City Council continues to struggle to find a solution to revenue losses

By Leah Murray
June 18, 2018 - 11:09pm Updated: June 19, 2018 - 7:30pm

 

MEDICINE HAT – A City Council debate over how to fill a revenue shortfall lasted an hour and ended with the matter being tabled to a later date.

The normally agreeable councillors were torn on how to back fill a $16 million dollar hole in the budget, that’s traditionally been filled by money generated from oil and gas.

City staff, for the third time, proposed the introduction of a new utility fee. The Municipal Consent and Access Fee (MCAF). The fee would be applied to both the gas and electric utilities.

The fee is charged by municipalities to electric and gas distribution utilities for access to municipal land. The fee is a surcharge for allowing the utility provider to access city owned land in order to construct, maintain and operate distribution systems.

The fee would have been implemented starting in 2019 and by 2022 would have added over $30/month to utility bills in fees not including the commodity rate.

Mayor Ted Clugston said he’s been adamant that he will not support the implementation of an MCAF in Medicine Hat as the city owns its own utilities.

“I will not be voting in favour of property taxes or the MCAF,” he said.

The MCAF proposal was defeated in a five to four vote by City Council Monday night.

The city’s renewed Financially Fit model relied on the MCAF to generate an additional $6 million dollars over the next four years. Without it the city is now looking for other ways to generate money.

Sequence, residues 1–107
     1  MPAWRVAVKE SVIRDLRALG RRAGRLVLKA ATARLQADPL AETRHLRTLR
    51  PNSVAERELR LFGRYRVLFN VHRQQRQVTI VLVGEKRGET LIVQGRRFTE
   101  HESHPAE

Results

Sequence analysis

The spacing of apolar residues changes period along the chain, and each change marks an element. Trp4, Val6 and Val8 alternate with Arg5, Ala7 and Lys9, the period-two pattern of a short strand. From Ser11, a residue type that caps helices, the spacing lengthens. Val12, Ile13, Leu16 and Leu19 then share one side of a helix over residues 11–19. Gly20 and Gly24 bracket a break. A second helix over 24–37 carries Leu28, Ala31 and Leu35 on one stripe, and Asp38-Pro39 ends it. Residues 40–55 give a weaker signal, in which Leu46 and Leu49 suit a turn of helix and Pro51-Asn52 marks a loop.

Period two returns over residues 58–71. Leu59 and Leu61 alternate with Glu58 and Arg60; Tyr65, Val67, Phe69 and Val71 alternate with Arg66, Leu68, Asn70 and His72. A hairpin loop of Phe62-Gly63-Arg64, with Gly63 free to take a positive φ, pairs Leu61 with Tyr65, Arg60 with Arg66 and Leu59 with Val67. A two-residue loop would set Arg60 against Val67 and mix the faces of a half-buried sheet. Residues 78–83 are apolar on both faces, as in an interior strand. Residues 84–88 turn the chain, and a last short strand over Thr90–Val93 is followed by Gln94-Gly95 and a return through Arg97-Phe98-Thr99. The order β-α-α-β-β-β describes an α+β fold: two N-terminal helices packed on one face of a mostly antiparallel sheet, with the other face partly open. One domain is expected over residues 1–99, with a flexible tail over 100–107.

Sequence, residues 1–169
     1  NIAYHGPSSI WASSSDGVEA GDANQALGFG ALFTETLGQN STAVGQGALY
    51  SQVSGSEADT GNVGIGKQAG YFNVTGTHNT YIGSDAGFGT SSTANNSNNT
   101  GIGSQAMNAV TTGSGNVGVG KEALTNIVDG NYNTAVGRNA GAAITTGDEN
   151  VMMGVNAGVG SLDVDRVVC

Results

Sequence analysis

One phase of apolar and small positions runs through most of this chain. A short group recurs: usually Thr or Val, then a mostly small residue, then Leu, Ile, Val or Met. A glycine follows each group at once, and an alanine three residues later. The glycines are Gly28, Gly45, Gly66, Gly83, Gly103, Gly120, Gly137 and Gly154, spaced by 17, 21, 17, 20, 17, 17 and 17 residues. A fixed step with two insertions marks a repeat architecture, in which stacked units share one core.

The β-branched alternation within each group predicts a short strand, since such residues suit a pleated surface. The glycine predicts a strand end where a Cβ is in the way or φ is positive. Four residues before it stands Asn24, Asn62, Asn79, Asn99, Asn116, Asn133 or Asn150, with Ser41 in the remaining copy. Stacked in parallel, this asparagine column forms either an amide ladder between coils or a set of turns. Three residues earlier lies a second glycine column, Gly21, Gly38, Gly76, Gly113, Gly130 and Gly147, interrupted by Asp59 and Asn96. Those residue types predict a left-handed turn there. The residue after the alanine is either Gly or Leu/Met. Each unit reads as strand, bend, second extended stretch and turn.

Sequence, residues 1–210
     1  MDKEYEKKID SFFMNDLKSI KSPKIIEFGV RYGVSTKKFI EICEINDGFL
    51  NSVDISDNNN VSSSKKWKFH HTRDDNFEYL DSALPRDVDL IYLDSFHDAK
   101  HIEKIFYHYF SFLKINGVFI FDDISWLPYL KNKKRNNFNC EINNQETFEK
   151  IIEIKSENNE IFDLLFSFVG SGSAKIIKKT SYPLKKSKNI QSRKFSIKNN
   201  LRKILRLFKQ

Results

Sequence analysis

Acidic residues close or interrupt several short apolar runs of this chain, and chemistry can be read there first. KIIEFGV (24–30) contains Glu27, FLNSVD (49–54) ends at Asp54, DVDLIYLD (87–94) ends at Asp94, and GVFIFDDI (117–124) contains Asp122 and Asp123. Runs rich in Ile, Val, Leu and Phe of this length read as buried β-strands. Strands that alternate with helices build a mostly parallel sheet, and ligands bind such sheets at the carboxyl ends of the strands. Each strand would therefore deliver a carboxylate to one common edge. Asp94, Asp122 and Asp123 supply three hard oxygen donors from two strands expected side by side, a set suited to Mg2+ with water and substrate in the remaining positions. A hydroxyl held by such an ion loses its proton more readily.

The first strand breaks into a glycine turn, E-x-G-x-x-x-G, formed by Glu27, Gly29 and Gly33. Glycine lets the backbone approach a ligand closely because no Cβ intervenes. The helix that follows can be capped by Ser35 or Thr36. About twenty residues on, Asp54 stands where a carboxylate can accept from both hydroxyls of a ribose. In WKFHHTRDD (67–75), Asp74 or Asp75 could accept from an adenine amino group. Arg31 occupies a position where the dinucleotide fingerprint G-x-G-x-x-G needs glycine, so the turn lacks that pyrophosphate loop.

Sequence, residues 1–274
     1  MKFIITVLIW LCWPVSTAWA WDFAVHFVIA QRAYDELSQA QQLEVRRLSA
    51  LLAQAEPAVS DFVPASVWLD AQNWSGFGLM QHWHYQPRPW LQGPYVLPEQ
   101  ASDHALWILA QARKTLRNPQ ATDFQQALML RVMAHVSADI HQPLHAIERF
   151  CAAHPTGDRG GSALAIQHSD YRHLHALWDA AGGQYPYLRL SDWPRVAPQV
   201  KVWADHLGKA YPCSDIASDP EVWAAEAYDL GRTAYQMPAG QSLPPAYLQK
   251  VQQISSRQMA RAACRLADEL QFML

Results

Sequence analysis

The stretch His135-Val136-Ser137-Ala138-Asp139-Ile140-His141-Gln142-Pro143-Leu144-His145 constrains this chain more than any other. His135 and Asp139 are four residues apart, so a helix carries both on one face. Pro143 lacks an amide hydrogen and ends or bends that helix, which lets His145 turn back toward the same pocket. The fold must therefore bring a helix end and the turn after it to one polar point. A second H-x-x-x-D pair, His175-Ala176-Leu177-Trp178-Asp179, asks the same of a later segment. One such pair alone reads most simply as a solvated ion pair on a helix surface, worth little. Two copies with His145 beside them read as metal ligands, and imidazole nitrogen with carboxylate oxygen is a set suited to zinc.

A proposal by Councillor Kris Samraj, amended by Councillor Darren Hirsch, proposed a one time seven per cent property tax increase with the financially situation being reviewed again next year.

Samraj said while it is difficult to increase any fees, he felt property tax increases were the best way to go.

“I thought property taxes was a more direct and honest way to do it, in that it’s absolutely clear where the money is going and where we were collecting it from,” Samraj explained.

“As you can see from the discussion tonight it’s a challenge because we’re all struggling with how best to close that gap.”

The motion was carried, but after some concerns were raised by city staff over a lack of direction for budgeting purposes, the discussion was tabled until the next city council meeting.

Still, Mayor Ted Clugston said he can’t support any major increases for tax payers when the city is anticipating a $30 million dollar profit from the electric utility.

“If we’re going to make $30 million each year for the next three years, that’s $90 million,” Clugston said. “We will take a dividend out of that, I think the citizens expect it and they deserve it.”

Councillor Robert Dumanowski summed up the meeting by calling it one of the darkest meetings at city hall in many years, as Councillors and city staff struggle with finding ways to claw back the reliance on money from volatile commodities.

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